A few years ago, when I was drying my weekly wash in our condo building’s community laundry room, I was cleaning the fluff filter in the dryer. ‘Where does this all come from?’ I wondered. The answer was obvious really – the fluff generated in dryer was fibres from my clothes.
That must be bad.
And then I remembered that wonderful smell from when I was a child – that gorgeous aroma of sheets and clothing that had been dried outdoors on the line. There’s nothing quite like it. Yet I’d been putting perfumed laundry liquid into the washer, and then adding dryer sheets to make the laundry smell good. I realised that this was bonkers. There’s no way that any artificially produced perfumes can match that sun-dried, wind-blown smell of laundry that has been dried the old-fashioned way out on the line.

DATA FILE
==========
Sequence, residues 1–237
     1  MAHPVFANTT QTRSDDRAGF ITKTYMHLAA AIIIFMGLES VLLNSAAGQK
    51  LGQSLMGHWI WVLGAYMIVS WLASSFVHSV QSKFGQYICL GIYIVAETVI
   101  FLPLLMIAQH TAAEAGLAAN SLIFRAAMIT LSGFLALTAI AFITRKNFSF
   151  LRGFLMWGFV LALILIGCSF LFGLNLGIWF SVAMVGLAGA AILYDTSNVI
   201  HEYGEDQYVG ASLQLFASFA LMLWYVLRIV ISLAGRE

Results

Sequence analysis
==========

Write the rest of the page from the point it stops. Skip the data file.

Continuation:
I realised too that the chemicals in those dryer sheets probably weren’t terribly desirable.
So realising that my clothes were wearing away and that I was wearing a chemical cocktail next to my skin, I decided it was time to turn the clock back and, just as my old mum used to, dry my laundry in the wonderful fresh air.
There’s another aspect too.I read that the dryer can be the most energy-gobbling appliance in many households.
So why on earth had I been using all that electricity for so many years when the fresh air and sun were available free of charge without adding to the burden we place on the planet.
What surprised me was that it meant so very little extra work. Putting the washed clothes on the line to dry takes only a few minutes – then I can leave it alone and let nature take over.
When there’s a good breeze, clothes get so well aired and because they are hanging, there’s usually no need to get the iron involved, especially if garments are folded as soon as they are removed from the line.
Oh and that smell!Read tips here